If you saw me stocking up on corn chips at Centro Supermerkadu yes you did, if you saw me rolling round in the waves at Liquica black-sand beach yes you did, if you saw me picking ticks out of Pepi’s toes on the porch yes you did; she’s back in Dili for a whirlwind long weekend and cramming in whatever she can before flying out on Monday afternoon. There’s not a lot to say, but she can’t be in Dili without being in the blog.
We’re eight pm on the front porch with Sofitel-streaked legs and a glass of whisky and lime and coconut water, the dog asleep on the day bed and the table strewn with supermarket reusable bag spilling Pringles, limes, shallots; an empty bowl of guacamole and an impatient wait for Queen Tundriee to SMS that the takeaway order’s ready. Georgia’s tidying her room and Felix is playing FIFA. Pepi — not tick-free but fed up with my efforts — is in rock-solid hibernation.
Feels good being back. A city where you pay cash for everything and it’s always warm and everyone knows your name and you don’t have to change clothes in the evening — for formality or temperature — and you can’t move without passing lush tropical leaves and bright spilling bougainvillea. (Felix wouldn’t let me buy a plant on the way home from Liquica this afternoon; the only downside of the Dili return is he’s let all my houseplants die and smartly isn’t signing himself up to care for another one.)
Dili in full flight as I arrived on Friday afternoon. I’d agreed to carry up some un-courier-able ultrasound batteries for a medical friend in exchange for the cost of a flight to see (surprise) Felix; no leave at my Melbourne job made it a whirlwind four days only. So, we land at 3pm on Friday from Darwin and have to deliver the batteries to the Australian aid office before the end of business hours; feels tight but do-able, probably, maybe. But in line at Qantas check-in we suddenly see a friend of a friend who’s visiting someone we both know in Dili; that mutual friend has a car and works at the embassy and knows exactly where my batteries need to go. Suddenly I have an airport pick-up and a guide and a fresh coconut and we’re in and out of the batteries office in time for a Pateo carpark spritz before Felix finishes work and the surprise gets going (a city-wide soda water shortage topped the spritz with tonic, not soda, and it was almost better, and I was giddy by the time Georgia falsely told him she’d lost her house key and needed his and he showed up at his parents’ house to see me behind her).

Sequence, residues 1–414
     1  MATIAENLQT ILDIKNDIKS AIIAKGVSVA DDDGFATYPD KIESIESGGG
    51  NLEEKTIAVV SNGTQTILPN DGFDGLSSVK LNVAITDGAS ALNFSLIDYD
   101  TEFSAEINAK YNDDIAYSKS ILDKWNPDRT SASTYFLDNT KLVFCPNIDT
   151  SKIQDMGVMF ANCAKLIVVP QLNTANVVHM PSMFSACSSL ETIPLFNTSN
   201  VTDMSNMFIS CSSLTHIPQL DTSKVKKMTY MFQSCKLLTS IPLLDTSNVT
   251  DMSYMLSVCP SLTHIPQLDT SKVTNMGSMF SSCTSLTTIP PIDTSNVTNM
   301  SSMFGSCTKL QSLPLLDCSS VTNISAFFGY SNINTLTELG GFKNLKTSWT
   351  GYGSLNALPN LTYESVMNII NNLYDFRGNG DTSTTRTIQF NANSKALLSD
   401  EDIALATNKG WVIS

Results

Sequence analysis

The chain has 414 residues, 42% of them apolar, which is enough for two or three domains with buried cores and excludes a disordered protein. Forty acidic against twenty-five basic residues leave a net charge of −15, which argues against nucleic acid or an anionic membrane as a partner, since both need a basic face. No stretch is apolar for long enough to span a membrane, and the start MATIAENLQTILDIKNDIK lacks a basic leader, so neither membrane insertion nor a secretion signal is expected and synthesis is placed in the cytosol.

Castaway for gin tonics and fried tofu and eggplant and three tables pushed together and suddenly falling exhausted, delirious, at ten pm after three hours’ sleep on Darwin Airport floor (three hundred dollars for six hours at the Mercure, no), back to Bidau with the AC on and a solid nine hours before waking up feeling renewed. Beachside for breakfast, of course, and a series of mini surprises running into old friends and favourite servers, you’re back? just a weekend?! he hates surprises? but he loves me The Saturday quiz we do each week in-person for the first time in months and a highest-ever score thanks to Helder (what shade is Very Peri and where was the Kingdom of Kandy and which way do southern hemisphere storms rotate?), who then helped us through three bottles of red and three vitela with Xian at Prato (Dili’s best steak and my second-favourite fine dining after Nha Casa, even as a vegetarian — order black beans and butter-fried greens and mashed potato and chocolate mousse). Another perfect night’s sleep — Dili feels like a holiday — and to Lauhata today for an ocean swim and coffee and coconuts and four hours at the laptop because she Did Not Have The Leave but the trip idea was Too Good To Pass Up. (If you know where I work and visit their new website when it publishes next month, a quarter of the pages were written at Lauhata Beach Escape.) A singalong to the Spotify playlist Feels Like Home on the bumpy drive back (Paul Kelly, Missy Higgins, Crowded House, Savage Garden) then back to Bidau for that stupid cocktail I lost my mind over in November 2021 (two parts whisky, one part sugar syrup, one part lime juice, stirred and served with a coconut water ice cube — a simple-sounding but deceptively involved cocktail entirely of my fussy self) out the front with the dog and her ticks and my friends and our chips. I don’t have a smart or sentimental way to say this but wow, I just love this city so very much? The dust and the noise and the grime and the salt and the misunderstandings and everything’s always slow and broken and the 25c market vegetables and the warm smiles and the bright buses and Pepi’s gentle licks and Felix’s parents and the heart reacts to our reunion video and the mountains and the sunset and the streaky pink sky and the pace and the ease and everyone’s on your side.
Leaving tomorrow. A Monday afternoon flight to Darwin, then a wretched 2am departure (we’ll probably be back here together tomorrow night) and a Melbourne arrival at 7am; it’ll be four degrees and chilblain city when I return. But winter’s more than half finished and every day from now on warmer than what’s gone before.